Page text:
The main character, Jake Scully, played by Craig Wasson (looks like he could be a stunt double for Bill Maher) is a struggling actor in Hollywood who because of his severe claustrophobia has lost his acting job as a vampire along with his apartment and girlfriend. He is asked by a friend to house sit a ridiculous spaceship-like apartment that’s propped up on an edge of a cliff over- looking the Hollywood Hills and a neighbor’s window. With the help of a telescope and his friend’s suggestion, he watches his neighbor Gloria Revelle (Deborah Shelton, former miss USA contestant). Every night she dances seductively in front of her window. Jake can’t look away and becomes an obsessive voyeur, later following her into a mall in an amazing sequence of cat and mouse. In the ending of the mall scene he sees her throw away panties she just bought. He picks them up, sniffs them and then pockets them. This is a great detail, showing this guy’s furthering sexual fascination with this stranger. This guy is a pervert, but we are all perverts, I think, in our own way. Later he witnesses her murder that is in true slasher-flick gore excessiveness; she is murdered with a giant drill, essentially getting penetrated. Then we are introduced to the porn actress Holly Body, played with true spunk by Melanie Griffith. Jake and Holly together try and solve the murder mystery. In order to meet Holly, Jake becomes a brief extra in a porn movie. During their porn shoot there is a scene in the movie that turns into a music video for the 80’s group Frankie Goes to Hollywood and their single “Relax”. I loved this song and it’s over the top, homosexual metaphor for men cumming. “Hit me with your laser beam!” This combined with the campy visuals and sex; the film seduced me and opened up a whole world of cheesy 80’s pop music. I know most of what I have described of this movie so far might sound horrible to many people, but think back to an experience you have had with a movie you saw when you were younger and I’ll tell you my experience with this film…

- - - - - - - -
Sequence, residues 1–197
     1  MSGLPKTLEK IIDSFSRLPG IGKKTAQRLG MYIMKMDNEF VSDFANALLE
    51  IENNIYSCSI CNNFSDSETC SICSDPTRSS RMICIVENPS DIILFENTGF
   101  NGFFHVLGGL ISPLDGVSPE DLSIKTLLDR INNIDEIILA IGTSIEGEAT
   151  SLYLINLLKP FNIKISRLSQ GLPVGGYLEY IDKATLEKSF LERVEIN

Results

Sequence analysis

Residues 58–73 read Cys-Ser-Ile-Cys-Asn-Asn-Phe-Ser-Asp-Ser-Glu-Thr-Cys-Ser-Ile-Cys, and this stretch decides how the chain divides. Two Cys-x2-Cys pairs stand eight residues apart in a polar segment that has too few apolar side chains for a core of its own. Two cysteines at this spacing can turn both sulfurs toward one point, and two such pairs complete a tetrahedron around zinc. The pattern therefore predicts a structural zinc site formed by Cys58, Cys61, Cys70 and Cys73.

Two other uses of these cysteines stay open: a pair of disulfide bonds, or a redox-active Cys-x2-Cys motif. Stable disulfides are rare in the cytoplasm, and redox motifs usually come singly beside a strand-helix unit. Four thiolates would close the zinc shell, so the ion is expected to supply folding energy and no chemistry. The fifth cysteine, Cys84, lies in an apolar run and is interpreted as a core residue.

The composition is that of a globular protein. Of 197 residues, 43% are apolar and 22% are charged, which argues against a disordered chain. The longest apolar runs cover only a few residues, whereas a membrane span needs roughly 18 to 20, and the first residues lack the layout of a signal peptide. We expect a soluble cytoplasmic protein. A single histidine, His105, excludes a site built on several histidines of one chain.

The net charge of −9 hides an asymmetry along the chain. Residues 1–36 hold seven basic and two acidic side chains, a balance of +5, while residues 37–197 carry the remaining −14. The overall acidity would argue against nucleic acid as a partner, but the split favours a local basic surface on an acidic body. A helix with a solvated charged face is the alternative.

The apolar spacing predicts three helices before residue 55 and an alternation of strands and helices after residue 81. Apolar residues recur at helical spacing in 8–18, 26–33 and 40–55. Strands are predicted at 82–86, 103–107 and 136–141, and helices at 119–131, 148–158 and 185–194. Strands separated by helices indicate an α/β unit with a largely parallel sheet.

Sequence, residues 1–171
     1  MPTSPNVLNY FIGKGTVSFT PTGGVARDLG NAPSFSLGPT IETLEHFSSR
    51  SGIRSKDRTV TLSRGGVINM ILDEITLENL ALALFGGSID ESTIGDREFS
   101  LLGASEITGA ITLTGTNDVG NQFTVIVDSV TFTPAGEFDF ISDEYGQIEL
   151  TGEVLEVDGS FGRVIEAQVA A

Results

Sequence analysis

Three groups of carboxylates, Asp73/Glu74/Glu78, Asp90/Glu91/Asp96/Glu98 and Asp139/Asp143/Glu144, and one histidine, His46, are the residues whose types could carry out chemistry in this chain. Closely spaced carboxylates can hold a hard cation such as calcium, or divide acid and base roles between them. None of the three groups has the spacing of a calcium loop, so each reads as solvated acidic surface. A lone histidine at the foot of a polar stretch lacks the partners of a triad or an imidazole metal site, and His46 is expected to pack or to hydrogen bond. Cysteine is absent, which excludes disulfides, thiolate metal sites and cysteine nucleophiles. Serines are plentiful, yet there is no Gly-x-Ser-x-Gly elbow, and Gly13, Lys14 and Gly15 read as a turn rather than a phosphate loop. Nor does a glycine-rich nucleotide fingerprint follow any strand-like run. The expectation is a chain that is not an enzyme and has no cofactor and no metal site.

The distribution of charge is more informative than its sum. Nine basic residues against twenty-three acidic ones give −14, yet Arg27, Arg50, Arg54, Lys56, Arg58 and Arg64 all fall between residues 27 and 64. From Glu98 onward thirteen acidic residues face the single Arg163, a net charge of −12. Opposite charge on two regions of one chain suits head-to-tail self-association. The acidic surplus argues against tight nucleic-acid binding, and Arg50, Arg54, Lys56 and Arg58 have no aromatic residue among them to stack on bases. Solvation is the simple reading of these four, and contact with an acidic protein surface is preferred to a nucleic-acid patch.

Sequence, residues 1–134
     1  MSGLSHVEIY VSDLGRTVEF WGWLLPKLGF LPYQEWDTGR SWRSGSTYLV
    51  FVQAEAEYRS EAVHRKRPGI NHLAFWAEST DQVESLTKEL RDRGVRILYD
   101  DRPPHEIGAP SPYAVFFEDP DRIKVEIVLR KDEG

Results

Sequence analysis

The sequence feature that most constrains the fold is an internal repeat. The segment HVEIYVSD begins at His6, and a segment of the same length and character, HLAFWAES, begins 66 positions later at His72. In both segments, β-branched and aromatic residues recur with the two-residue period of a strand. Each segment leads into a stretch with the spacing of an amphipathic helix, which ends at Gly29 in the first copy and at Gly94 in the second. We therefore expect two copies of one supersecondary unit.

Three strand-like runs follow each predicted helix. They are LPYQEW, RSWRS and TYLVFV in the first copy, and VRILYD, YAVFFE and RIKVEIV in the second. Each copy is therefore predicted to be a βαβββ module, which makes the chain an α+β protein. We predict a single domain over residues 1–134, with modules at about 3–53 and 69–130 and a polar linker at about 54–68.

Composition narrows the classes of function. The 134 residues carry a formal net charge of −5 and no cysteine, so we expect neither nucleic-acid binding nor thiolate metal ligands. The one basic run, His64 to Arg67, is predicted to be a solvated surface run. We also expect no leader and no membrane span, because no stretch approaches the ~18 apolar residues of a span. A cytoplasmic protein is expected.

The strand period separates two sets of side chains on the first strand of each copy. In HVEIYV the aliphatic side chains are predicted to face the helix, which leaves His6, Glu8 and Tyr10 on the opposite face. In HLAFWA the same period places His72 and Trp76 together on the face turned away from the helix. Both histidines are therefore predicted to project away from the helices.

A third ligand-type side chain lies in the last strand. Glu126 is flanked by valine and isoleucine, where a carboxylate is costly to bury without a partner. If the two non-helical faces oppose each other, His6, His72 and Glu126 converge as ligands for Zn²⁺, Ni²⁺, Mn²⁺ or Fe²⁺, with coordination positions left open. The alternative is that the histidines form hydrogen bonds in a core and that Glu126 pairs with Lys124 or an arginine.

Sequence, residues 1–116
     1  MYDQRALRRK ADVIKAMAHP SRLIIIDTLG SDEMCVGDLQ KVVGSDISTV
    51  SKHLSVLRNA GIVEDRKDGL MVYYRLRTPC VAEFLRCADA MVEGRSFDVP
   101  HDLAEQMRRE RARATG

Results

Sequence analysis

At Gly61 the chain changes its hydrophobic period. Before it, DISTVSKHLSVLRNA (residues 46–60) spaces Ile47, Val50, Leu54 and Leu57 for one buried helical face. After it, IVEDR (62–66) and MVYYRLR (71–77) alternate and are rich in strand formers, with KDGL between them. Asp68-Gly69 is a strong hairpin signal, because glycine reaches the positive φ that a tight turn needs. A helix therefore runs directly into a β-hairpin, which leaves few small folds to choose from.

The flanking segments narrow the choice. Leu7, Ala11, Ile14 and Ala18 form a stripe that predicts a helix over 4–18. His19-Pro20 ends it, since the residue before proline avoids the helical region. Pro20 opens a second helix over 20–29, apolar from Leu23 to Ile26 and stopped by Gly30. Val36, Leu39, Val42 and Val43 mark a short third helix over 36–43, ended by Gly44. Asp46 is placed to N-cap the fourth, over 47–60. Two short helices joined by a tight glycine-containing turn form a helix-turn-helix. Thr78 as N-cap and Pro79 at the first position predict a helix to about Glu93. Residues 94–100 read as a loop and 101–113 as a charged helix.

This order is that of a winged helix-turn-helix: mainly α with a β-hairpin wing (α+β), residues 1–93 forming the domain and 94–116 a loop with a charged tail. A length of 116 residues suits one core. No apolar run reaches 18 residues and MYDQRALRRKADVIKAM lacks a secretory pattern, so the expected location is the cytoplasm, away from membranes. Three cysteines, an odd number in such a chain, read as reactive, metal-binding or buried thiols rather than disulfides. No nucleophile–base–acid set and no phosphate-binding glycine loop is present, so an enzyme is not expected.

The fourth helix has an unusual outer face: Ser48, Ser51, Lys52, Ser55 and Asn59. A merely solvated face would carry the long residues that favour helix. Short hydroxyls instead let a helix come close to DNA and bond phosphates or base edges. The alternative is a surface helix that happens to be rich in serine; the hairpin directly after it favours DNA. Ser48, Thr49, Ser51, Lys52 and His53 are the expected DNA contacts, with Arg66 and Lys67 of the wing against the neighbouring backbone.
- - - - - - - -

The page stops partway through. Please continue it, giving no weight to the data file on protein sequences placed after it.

I saw this movie when I was about twelve. Seeing this movie as a twelve year old girl was such a weird exposure; it excited me. The combination of sex and violence jump started my awareness of my own sexuality and at the same time conforming me into a culture in which sex and violence are so ingrained it is a norm, especially for women, where they are both the victim and the intended audience in horror. This movie is sexist and the women in it are the objects of men’s desire and also the victims of the phallic drill. However, all of the players are such caricatures of themselves, almost like they are puppets in a funhouse that is called Hollywood. It is so phony and cheesy and has that air that most 80’s B movies have, that dream like foggy quality. For some reason I love this film. This is the best “B” movie you will ever watch and one of my favorite movies. Maybe those who love this movie as well can tell me why, so I can better understand why I do.